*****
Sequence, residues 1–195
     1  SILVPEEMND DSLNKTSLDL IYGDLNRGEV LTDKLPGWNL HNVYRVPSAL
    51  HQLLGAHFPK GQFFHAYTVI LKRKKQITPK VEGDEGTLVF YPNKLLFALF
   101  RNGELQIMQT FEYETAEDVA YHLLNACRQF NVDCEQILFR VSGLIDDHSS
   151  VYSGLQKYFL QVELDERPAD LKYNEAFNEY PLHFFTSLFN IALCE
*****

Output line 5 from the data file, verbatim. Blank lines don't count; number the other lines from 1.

   151  VYSGLQKYFL QVELDERPAD LKYNEAFNEY PLHFFTSLFN IALCE